Friday, 31 May 2013

Canons to the left of them

ALL Anglicans in Jersey have been invited to a meeting next week to discuss a dispute that threatens the Island's centuries-old link with the Diocese of Winchester. The meeting, on Tuesday, has been organised by Senator Sir Philip Bailhache, who a member of the congregation at Grouville Parish Church.
The former Bailiff has been critical of the Bishop of Winchester, the Right Rev Tim Dakin, since the Bishop removed the powers of the Dean of Jersey in March following a complaint of sexual misconduct made by a vulnerable young adult against a churchwarden in 2008.
The Dean, the Very Rev Bob Key, has since been reinstated but his seven-week 'suspension' has sparked a chain of events that includes a 'Visitation' by a former Bishop looking at the whole relationship between the Island and the Diocese. (1)
The terms of reference for the Visitation are interesting, as apart from safeguarding issues, they also include the following:
"clarifying and describing the legal, ecclesiastical and practical nature of the relationship between the Deanery of Jersey, the Diocese of Winchester and the wider Church of England, including the roles of the Bishop of Winchester, the Suffragan Bishops, the Archdeacons, Diocesan staff, the Dean and Vice-Deans of Jersey and the ecclesiastical courts of Jersey in relation to the appointments process, the safeguarding of children and vulnerable people, disciplinary provisions and the general oversight of the Deanery of Jersey" (2)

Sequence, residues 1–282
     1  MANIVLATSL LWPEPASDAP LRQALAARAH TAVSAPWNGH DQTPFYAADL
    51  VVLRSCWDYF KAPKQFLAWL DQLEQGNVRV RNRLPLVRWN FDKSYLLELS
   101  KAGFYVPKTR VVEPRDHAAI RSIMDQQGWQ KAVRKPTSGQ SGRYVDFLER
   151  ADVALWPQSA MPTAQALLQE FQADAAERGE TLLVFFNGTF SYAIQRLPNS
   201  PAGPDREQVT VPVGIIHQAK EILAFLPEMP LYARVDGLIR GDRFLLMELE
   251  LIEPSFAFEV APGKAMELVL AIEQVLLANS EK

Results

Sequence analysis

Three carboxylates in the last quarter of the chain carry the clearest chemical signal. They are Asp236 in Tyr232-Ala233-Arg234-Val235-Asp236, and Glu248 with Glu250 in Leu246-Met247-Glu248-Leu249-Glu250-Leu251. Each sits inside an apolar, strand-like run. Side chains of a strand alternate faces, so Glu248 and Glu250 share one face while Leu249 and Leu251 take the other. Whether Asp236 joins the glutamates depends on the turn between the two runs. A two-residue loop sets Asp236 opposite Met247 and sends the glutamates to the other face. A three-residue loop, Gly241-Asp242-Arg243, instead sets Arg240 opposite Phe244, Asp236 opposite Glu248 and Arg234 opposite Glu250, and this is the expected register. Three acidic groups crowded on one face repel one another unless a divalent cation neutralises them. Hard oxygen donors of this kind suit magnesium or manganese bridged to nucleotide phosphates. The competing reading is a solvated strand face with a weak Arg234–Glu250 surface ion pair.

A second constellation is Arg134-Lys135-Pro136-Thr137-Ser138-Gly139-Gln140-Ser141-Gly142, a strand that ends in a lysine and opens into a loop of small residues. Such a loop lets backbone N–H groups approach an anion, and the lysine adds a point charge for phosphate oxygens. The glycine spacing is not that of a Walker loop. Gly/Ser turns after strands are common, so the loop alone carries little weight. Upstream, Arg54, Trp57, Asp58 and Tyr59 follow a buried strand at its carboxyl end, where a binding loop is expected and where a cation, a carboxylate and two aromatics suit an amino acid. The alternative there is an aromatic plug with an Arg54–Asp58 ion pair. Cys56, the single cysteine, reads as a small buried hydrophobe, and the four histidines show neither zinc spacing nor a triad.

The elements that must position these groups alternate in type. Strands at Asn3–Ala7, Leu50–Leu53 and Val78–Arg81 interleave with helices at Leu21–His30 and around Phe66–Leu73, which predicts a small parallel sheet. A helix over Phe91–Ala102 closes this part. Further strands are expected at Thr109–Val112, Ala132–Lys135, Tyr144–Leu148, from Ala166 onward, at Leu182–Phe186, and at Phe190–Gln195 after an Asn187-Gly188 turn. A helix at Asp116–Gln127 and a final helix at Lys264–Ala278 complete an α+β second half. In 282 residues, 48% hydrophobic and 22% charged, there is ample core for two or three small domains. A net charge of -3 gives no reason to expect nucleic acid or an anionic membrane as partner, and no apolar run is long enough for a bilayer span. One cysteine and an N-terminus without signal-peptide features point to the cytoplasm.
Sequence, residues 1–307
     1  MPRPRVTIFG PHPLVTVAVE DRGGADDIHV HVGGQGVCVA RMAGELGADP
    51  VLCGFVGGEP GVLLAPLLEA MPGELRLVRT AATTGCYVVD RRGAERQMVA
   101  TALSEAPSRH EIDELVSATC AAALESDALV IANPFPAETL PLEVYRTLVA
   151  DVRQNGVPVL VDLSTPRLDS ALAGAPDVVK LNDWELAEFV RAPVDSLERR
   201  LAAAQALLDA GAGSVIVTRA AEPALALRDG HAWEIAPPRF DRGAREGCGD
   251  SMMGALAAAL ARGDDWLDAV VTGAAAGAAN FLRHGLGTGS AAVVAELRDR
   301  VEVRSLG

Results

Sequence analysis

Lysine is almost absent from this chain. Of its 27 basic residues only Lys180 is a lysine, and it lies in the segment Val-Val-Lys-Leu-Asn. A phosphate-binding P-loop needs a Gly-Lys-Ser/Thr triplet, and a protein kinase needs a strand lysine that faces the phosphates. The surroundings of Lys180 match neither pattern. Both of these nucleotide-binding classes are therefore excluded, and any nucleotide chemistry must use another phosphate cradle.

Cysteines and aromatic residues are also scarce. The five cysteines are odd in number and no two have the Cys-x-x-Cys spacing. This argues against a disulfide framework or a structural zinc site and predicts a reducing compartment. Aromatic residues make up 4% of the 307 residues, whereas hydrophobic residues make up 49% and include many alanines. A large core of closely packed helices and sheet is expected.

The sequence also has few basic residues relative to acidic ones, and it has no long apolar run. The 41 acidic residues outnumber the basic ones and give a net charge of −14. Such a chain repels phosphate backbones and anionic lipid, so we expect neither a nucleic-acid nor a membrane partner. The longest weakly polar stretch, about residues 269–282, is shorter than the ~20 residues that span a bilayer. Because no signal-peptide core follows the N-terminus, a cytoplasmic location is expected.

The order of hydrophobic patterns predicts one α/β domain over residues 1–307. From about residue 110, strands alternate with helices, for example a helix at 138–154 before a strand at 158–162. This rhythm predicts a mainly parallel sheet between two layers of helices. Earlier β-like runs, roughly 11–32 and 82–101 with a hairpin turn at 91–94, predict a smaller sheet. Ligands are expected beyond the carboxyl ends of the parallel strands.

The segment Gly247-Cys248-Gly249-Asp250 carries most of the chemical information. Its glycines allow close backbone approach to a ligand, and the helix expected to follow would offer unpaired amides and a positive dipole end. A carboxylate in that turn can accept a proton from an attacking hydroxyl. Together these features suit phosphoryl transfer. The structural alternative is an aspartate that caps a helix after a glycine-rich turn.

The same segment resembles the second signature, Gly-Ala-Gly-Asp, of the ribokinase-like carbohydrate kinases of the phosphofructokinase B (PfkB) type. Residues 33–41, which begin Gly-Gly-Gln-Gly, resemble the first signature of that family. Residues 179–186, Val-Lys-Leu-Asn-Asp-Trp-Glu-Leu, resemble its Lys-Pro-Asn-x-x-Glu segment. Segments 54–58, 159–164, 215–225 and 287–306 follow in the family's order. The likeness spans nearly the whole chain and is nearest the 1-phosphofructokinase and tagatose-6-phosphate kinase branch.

That's quite a bit wider than just safeguarding, and also includes "disciplinary provisions and the general oversight of the Deanery of Jersey", which suggests that there may be pressure to reform Jersey Canon Law to make it easier for the Bishop to exercise control over what happens in Jersey.
And, apart from safeguarding matters, what might the Bishop like to do with regard to Jersey's churches? The Church of England Newspaper, describing the Jersey Canon Law in 2011 - later approved and adopted on 14 March 2012 - said that it was 15 years being prepared by current and former Deans of Jersey, consulting with Synod and approved by the former Bishop of Winchester, the Rt. Rev. Michael Scott-Joynt. But here is the crucial point:
"The revised canons would block potential moves by the cash-strapped Diocese of Winchester to amalgamate the island's 12 historic parishes, or assign a single clergyman to multiple parishes."(3)
And the finally approved Canon Law states clearly:
"None, either Dean or Minister, shall hold two Rectorial Benefices together."(4)
It's just one small sentence, but Church of England Newspaper points out, it blocks what Bishop Tim Dakin may well want to do, to drastically cut the numbers of clergy, and combine Parishes together. In 2009, the Dean wrote to me, and noted that:
"The Constables insist, rightly in my view, that a separate Rector for each parish is Jersey's heritage and tradition. It is also built into the law of the land through the Canons of the Church of England in Jersey. "
The new Canons of 2012 confirm that ancient tradition, and while they remain in force, they limit the power of the Bishop to make changes. And the situation in Jersey is different from England in many respects - the Rector is involved with Parish matters on the Roads Committee, and the Parishes support the maintenance of the fabric of the ancient Parish Churches. An English Parish, though it bears the same name, is a much less defined district, and the two are not homologous. This is not something that England finds easy to understand, in much the same way that English people find Jersey politics, and the tradition of independent politicians rather than party machines, quite difficult to comprehend.